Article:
The Importance of Macroeconomic Objectives
The Importance of Macroeconomic Objectives
1. Full employment, or low unemployment
Although this objective was not considered so important in the 80s, when unemployment rose to over 3 million, it is still considered important by most economists, and the current Labour government have certainly made the goal of full employment more prominent.
It is important to keep unemployment levels as low as possible. High unemployment is expensive for the government and, therefore, for the taxpayer. For every unemployed person, there are two costs to the government. First, the unemployed worker will be entitled to benefit, and if he/she is young, or older but remains unemployed for a long period of time, he/she will be offered training under the 'New Deal'. Secondly, there is the less obvious cost of the loss of income tax revenues the worker would have paid in work. These workers would have been paying VAT as well through their purchases. Put together, some economists have estimated that the cost to taxpayers of each unemployed person is up to £9,000 a year.
There are other costs of unemployment. There is the cost to the whole economy in terms of wasted, unused resources. The existence of any idle resources means that the economy will be at a point within its production possibility frontier (PPF).
Unemployed workers (young men, in particular) may create other external costs in the economy, like crime for example. The governments of the 80s always dismissed the coincidence of rising crime figures and rising unemployment. Was it really a coincidence, given that many of the new unemployed were young school leavers with no experience in work?
Finally, there is the personal human cost to each worker. In the short term the unemployed worker has to put up with the loss of earnings, although this may be balanced by redundancy payments. But in the long run, the long term unemployed will find it harder and harder to find a job, as they find that the skills they have become less relevant and they have had no new training.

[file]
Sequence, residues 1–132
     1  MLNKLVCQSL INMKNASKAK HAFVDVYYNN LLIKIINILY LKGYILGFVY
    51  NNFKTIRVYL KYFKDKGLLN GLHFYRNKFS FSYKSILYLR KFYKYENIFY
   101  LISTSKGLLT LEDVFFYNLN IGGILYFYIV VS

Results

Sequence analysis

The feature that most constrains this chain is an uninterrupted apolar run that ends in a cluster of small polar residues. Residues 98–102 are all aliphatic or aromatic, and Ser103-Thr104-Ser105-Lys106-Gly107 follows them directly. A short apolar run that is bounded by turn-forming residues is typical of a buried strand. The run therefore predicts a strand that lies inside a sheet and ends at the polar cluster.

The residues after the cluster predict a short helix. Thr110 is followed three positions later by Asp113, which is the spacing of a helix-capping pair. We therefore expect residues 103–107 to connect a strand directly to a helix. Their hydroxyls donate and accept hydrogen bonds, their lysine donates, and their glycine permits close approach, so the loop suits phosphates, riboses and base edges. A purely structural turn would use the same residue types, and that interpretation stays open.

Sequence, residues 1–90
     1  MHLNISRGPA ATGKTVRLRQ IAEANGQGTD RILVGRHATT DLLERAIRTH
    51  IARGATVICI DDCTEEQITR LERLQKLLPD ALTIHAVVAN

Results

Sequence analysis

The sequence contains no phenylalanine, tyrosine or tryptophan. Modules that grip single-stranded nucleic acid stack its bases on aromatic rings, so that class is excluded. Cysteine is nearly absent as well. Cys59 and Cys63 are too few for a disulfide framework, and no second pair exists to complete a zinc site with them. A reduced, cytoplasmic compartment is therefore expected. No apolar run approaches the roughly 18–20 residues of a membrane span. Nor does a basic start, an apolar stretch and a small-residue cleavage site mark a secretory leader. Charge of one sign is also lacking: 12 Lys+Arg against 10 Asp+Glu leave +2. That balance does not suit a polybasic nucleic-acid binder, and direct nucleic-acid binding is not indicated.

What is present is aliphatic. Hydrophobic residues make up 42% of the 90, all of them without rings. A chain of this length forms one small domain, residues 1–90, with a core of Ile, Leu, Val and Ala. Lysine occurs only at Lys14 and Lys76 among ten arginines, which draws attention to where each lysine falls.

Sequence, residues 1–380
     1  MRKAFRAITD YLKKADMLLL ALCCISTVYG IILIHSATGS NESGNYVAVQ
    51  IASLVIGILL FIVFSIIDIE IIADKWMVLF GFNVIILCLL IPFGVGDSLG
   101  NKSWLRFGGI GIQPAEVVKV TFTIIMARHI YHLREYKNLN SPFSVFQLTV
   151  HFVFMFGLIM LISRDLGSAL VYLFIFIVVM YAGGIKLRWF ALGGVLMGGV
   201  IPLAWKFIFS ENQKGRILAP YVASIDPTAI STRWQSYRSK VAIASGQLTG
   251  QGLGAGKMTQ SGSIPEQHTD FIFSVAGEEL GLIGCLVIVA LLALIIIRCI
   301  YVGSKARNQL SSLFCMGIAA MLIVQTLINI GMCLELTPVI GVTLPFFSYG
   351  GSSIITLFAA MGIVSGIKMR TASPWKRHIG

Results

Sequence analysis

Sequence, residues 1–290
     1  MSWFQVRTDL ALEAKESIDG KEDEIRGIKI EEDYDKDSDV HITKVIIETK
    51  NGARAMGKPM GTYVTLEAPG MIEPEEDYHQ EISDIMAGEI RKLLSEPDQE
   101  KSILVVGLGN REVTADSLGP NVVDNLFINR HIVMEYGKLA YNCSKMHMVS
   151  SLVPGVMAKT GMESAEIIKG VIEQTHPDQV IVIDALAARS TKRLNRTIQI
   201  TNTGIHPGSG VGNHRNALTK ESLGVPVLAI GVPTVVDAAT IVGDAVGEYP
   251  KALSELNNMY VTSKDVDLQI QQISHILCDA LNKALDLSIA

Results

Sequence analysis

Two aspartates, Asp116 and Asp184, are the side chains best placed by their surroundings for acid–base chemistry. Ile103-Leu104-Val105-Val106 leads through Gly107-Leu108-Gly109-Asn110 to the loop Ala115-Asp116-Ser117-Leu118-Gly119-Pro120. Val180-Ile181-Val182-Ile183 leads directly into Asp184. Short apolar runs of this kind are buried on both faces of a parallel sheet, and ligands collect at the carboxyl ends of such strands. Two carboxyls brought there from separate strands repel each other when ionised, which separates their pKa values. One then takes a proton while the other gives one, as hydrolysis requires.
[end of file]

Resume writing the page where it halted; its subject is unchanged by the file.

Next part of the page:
2. Price stability
Some would say that the main reason why the control of inflation is so important is that if inflation gets out of control, the economy stops growing. If inflation rises, the Monetary Policy Committee (MPC) is forced to raise interest rates. Consumers will stop borrowing to spend and firms will stop borrowing to invest. The housing market will slump, and along with it all the home improvement consumption that goes with it. Manufacturers exports will become less competitive. The economy may well drop into a recession.
Many economists worry about the redistributional effects of inflation. Periods of high inflation cause redistribution from savers to borrowers. Inflation erodes the real value of all money. Hence, if you are a net saver, the real value of your savings will fall, which is bad for the saver, but if you are a net debtor, the real value of what you owe will fall, which is good for the borrower.
The interest rate that is earned on one's saving will usually be higher than the inflation rate, but there have been times when the rate of interest does not keep up with the inflation rate, and so savers are paid a negative real interest rate. The best example of debtors gaining from inflation is the housing market.
Most of your parents will have 'made' money on their house. Of course, they do not 'realise' (i.e. get their hands on) this gain in wealth whilst they live in the property, but their mortgage remains relatively constant (especially if they are on a fixed rate mortgage) as their earnings rise over the years. Also, they can borrow against the increased value of the property to buy a car, go on holiday or extend the house.